The ionosphere is a series of invisible layers of ions and electrons that are suspended in Earth's atmosphere at about 50 to 400 kilometers (25 to 250 miles) in altitude. These particles are produced when the Sun's ultraviolet light ionizes the atoms and molecules in the upper atmosphere. The ionosphere makes long distance radio communication possible by reflecting radio waves back to Earth. It also is home to the aurora and the electrical currents that heat the atmosphere during magnetic storms.

"Our research shows that Earth"s own ionosphere is a major contributor to the growth of space storms," said Dr. Barbara Giles, a co-investigator on the TIDE team and researcher at NASA-Goddard. "These new observations will help us understand the conditions that enable space storms to form, thereby moving one step closer to the forecasting of the most damaging storms."

Prior to the launch of Polar, such observations of ions flowing out of the ionosphere were nearly impossible. But the TIDE instrument was specifically designed to neutralize the electrical charge that naturally builds up on the surface of spacecraft due to sunlight (about 40 to 50 volts). By squirting a small plume of Xenon ions and electrons, TIDE offsets the charge on the spacecraft and allows detectors to observe cold plasmas like the oxygen ions seen during the September event.

June 1998: ISTP Observes Effects of New Radiation Belt

Relative Fluences of Highly Relativistic
Electrons Observations made by ISTP scientists suggest that a new radiation belt was formed in May, an unusual phenomenon not observed since 1991.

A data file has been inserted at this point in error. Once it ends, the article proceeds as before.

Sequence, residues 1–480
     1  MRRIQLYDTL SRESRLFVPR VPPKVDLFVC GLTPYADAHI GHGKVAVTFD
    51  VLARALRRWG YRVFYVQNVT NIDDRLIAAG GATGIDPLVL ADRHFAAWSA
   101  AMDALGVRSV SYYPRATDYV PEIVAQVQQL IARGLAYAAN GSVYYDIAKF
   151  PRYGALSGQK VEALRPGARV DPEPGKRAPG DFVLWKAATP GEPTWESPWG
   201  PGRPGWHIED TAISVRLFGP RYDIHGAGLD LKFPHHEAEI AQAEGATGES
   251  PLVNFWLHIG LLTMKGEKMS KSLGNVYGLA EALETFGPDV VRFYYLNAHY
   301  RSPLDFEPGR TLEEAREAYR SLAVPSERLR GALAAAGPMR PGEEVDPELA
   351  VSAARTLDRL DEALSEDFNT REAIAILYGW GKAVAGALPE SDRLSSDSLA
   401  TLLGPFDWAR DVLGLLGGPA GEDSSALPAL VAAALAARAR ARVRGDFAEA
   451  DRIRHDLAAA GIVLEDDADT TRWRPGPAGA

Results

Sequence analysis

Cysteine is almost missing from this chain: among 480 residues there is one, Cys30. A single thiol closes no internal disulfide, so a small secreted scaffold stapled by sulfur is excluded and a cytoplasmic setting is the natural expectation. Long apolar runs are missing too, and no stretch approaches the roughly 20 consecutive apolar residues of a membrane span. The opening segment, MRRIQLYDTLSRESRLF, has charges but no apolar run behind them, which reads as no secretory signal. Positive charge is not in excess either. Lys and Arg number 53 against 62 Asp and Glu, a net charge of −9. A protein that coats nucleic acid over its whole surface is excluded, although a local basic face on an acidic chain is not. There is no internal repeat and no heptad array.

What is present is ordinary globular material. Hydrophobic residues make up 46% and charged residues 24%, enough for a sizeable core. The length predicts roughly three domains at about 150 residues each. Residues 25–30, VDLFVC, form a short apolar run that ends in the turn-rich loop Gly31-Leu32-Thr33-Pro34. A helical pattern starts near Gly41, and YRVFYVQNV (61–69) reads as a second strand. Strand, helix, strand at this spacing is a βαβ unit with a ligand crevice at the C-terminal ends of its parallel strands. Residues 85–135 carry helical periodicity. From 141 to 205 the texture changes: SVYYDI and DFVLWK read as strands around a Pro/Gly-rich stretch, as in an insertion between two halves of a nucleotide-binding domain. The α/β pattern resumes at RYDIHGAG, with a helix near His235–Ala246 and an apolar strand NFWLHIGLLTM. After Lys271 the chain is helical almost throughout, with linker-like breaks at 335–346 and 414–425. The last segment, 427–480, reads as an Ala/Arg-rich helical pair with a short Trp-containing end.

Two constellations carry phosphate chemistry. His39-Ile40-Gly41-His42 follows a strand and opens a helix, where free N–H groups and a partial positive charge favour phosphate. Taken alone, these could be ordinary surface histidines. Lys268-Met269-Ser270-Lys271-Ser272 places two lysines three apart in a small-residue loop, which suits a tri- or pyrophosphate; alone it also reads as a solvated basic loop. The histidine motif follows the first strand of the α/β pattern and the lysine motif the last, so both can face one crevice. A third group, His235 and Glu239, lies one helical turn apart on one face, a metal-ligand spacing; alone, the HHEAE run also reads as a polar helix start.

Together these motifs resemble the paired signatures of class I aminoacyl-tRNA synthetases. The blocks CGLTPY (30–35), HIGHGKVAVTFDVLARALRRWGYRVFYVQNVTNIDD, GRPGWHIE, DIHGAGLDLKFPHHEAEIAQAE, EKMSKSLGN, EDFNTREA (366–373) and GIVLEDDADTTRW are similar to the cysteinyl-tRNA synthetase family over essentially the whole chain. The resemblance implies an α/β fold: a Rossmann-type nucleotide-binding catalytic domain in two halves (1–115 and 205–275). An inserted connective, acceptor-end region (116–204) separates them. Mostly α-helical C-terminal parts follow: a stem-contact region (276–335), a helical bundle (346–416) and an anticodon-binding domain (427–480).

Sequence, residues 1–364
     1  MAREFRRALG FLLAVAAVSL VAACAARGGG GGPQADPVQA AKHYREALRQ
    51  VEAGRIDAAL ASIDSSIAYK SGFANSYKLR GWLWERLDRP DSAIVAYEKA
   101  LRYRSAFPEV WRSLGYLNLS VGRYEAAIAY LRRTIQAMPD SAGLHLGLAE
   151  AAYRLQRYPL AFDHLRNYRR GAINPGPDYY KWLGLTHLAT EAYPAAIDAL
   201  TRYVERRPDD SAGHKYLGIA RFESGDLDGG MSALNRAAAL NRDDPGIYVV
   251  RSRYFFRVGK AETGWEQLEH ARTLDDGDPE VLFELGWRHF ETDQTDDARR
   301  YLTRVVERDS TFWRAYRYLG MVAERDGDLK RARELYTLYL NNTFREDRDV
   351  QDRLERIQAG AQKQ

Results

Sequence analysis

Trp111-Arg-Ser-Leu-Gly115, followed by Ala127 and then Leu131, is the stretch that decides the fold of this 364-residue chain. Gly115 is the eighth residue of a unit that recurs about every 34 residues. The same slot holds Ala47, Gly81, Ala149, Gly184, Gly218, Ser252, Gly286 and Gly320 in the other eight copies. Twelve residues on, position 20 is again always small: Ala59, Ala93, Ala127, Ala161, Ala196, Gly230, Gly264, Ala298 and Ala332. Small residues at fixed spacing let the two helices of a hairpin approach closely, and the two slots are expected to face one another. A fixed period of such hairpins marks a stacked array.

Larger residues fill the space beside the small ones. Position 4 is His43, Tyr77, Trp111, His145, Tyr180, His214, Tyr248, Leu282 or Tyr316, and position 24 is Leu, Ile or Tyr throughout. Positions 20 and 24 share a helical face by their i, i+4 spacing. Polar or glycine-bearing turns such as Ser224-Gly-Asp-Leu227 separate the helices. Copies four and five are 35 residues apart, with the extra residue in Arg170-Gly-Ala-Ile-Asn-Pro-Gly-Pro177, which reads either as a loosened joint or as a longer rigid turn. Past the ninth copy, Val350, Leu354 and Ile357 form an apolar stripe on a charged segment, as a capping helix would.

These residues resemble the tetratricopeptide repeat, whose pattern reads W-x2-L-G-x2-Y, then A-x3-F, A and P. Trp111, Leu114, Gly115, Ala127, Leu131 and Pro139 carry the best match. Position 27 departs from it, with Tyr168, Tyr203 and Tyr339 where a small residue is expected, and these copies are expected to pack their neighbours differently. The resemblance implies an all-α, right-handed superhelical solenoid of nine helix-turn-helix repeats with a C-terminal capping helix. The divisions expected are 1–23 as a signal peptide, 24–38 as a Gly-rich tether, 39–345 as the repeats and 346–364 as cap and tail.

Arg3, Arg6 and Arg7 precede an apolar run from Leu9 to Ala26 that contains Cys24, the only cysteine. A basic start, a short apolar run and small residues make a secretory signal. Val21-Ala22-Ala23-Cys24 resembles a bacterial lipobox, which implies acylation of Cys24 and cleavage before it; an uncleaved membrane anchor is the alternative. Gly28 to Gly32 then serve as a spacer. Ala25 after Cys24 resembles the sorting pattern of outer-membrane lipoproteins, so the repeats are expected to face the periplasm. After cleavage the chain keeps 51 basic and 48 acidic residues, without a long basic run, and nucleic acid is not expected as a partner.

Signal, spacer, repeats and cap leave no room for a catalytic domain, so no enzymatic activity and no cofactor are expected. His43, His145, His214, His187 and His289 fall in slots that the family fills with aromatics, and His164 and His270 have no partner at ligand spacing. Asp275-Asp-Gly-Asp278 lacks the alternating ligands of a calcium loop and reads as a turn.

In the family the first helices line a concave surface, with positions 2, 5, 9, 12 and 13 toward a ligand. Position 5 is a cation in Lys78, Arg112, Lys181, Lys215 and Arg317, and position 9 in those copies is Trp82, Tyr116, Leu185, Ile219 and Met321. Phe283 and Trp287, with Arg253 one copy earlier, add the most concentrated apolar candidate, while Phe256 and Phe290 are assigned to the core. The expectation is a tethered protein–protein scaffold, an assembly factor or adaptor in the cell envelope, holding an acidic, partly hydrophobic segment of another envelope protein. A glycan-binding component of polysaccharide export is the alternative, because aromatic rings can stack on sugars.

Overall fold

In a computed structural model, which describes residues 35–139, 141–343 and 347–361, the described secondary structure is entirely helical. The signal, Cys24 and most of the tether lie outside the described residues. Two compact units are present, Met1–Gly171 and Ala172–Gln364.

Following 7 coronal mass ejections and 2 X-class flares in early May, the population of relativistic electrons in Earth's radiation belts achieved "killer" energy levels, according to investigators Dan Baker and Geoff Reeves. The boost in radiation lasted longer and achieved higher energy than any event since the last solar max.

During one magnetic storm in May, the disturbance storm-time (or Dst) index reached -218 on the scale of 0 to -220---the largest storm of the current solar cycle. An ISTP ground station (CANOPUS) measured electric currents in the ionosphere well above 4000 nanotesla, about 6-8 times the norm for solar minimum.

As a result of the consecutive doses of radiation, the Polar spacecraft was upset to the point of being shut down for several hours. ISTP investigators also have found compelling evidence that several other satellite failures may have been related to radiation belt activity.

May 1998: Succession of Flares, CMEs Upsets Spacecraft,
Presages Solar Maximum